Labour win but no overall majority in QE mock election
May 7, 2015
May 7, 2015
Norbert Sobolak, representing Labour, emerged as the clear winner in QE’s mock election.
In a turn-out of 645, with seven invalid papers, he received 220 votes – 34.11% of the total.
Adam Hilsenrath who stood for the Conservatives, polled 155 votes, or 24.03% of the total,with Akhil Palaniappan, representing UKIP, in third with 137 votes, 21.24% of the vote. In 2010 the School election was won by the Liberal Democrat candidate; this year the Liberal Democrats, represented by Alex Lishak, were pushed back to fourth place, with Che Applewhaite in fifth for the Green Party.
Since no party had an overall majority, Norbert’s Labour would need to find someone to work with if he wished to form a government – just as in the General Election the pundits were predicting that neither of the leading parties would be outright winners.
“It was an interesting exercise and I would like to thank everyone involved,” said Head of Year 13 Liam Hargadon. “The significant swing away from the Liberal Democrats and the failure of any party to secure an outright majority of votes, is very much what is anticipated in the actual vote.”
In the week before the mock election, pupils were invited to a full hustings held in the Main Hall at lunchtime, at which they could put questions to the party leaders. This Question Time-style event was also filmed and put on the Pupils’ Portal of eQE, along with statements from and video election broadcasts from the candidates, together with reports from the Election Echo journal.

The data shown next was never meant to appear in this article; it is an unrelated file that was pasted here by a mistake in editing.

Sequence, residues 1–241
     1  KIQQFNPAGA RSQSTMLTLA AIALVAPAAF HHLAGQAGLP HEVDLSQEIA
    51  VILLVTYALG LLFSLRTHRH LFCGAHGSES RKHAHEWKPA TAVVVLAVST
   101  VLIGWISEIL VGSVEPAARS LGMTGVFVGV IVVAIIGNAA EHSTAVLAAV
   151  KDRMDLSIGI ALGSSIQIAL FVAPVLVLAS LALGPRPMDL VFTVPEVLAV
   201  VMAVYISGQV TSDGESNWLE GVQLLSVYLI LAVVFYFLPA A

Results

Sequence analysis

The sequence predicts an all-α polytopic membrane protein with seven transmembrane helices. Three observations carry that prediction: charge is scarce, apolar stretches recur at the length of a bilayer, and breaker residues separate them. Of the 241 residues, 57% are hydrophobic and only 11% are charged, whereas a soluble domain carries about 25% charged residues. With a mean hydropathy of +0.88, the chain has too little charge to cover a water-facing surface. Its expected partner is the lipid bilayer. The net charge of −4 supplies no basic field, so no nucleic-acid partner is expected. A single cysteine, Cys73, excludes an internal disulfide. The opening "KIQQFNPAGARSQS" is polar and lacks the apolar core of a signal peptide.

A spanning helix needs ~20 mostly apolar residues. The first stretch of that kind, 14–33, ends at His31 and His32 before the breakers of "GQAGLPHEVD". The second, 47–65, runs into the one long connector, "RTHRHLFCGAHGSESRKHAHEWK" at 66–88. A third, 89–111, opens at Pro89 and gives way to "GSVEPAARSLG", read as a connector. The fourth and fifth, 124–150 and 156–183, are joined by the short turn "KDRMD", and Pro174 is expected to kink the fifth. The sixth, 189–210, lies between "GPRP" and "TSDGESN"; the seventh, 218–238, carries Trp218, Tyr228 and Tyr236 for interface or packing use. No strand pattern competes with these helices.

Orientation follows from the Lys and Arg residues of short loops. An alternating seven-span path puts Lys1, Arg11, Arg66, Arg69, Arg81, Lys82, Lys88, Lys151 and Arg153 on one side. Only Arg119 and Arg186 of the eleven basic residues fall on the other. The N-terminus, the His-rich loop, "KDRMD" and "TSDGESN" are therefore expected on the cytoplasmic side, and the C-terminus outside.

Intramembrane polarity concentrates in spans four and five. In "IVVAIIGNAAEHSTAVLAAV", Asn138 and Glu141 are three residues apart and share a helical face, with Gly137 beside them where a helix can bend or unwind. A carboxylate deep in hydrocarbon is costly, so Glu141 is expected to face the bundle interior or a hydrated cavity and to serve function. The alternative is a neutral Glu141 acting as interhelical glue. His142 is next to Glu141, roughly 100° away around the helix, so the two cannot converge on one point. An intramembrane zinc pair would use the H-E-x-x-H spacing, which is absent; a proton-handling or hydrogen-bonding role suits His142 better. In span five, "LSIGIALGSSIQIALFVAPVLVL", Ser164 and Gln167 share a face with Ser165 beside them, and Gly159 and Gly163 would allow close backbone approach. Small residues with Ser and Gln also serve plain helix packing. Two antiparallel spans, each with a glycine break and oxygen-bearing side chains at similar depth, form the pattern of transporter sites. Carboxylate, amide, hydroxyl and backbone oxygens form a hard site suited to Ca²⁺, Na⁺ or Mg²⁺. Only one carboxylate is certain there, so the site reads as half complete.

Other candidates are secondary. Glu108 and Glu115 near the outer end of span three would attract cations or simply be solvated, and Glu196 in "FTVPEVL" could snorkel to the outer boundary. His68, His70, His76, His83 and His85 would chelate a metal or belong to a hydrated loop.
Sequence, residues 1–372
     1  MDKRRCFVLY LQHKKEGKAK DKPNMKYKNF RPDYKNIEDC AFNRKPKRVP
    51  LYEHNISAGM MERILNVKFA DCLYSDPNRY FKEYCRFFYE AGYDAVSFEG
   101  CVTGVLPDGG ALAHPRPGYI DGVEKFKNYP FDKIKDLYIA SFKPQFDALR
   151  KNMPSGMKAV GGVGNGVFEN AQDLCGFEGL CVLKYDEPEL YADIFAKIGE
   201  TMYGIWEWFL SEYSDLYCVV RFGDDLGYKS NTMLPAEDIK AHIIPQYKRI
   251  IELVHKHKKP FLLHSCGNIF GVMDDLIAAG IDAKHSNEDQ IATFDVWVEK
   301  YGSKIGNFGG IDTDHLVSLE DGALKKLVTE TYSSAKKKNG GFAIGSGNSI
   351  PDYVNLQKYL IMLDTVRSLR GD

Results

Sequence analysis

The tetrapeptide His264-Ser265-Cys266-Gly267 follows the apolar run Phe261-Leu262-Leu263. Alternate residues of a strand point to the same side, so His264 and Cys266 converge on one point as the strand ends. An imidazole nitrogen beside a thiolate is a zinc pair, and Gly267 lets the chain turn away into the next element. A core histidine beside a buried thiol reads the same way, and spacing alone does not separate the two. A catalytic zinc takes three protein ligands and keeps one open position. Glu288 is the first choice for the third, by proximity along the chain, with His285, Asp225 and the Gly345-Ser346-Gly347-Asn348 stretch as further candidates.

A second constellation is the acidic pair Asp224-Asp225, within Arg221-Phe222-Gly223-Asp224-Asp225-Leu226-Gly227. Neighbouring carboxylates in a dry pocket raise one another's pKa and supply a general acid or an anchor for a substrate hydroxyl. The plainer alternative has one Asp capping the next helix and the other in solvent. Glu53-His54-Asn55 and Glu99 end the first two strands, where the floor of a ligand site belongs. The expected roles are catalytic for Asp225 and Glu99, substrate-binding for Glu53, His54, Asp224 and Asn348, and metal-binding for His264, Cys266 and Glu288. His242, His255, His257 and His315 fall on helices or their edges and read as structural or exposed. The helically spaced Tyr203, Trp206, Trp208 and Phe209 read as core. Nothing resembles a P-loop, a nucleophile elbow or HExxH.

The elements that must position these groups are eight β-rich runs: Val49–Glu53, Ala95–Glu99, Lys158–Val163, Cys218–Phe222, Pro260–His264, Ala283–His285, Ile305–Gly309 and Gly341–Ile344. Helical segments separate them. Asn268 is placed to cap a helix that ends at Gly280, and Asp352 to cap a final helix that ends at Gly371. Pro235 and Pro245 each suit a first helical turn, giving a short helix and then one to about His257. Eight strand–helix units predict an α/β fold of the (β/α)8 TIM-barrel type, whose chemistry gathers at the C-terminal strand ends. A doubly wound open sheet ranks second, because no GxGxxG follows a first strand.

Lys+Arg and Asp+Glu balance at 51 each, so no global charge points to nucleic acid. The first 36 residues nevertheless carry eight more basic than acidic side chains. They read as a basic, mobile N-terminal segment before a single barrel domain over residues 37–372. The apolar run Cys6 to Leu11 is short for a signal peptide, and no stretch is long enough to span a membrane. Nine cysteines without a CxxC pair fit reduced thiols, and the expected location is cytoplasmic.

Room E6 was set up as a polling station and boys were able to vote both before and after School as well as during break times. Voting was brisk, with boys forming an orderly queue prior to casting their vote in the sealed ballot boxes.
A team of senior boys acted as election organisers, checking people off as they queued up, handing out the ballot papers and later helping to count the vote.
In his statement, Norbert focused on “fairness” and on “one very simple belief: it’s called doing the right thing”.
Adam Hilsenrath’s Conservative statement pointed to the record of the Coalition Government: “Let’s not go back to square one. Let’s finish the task we started,” he urged.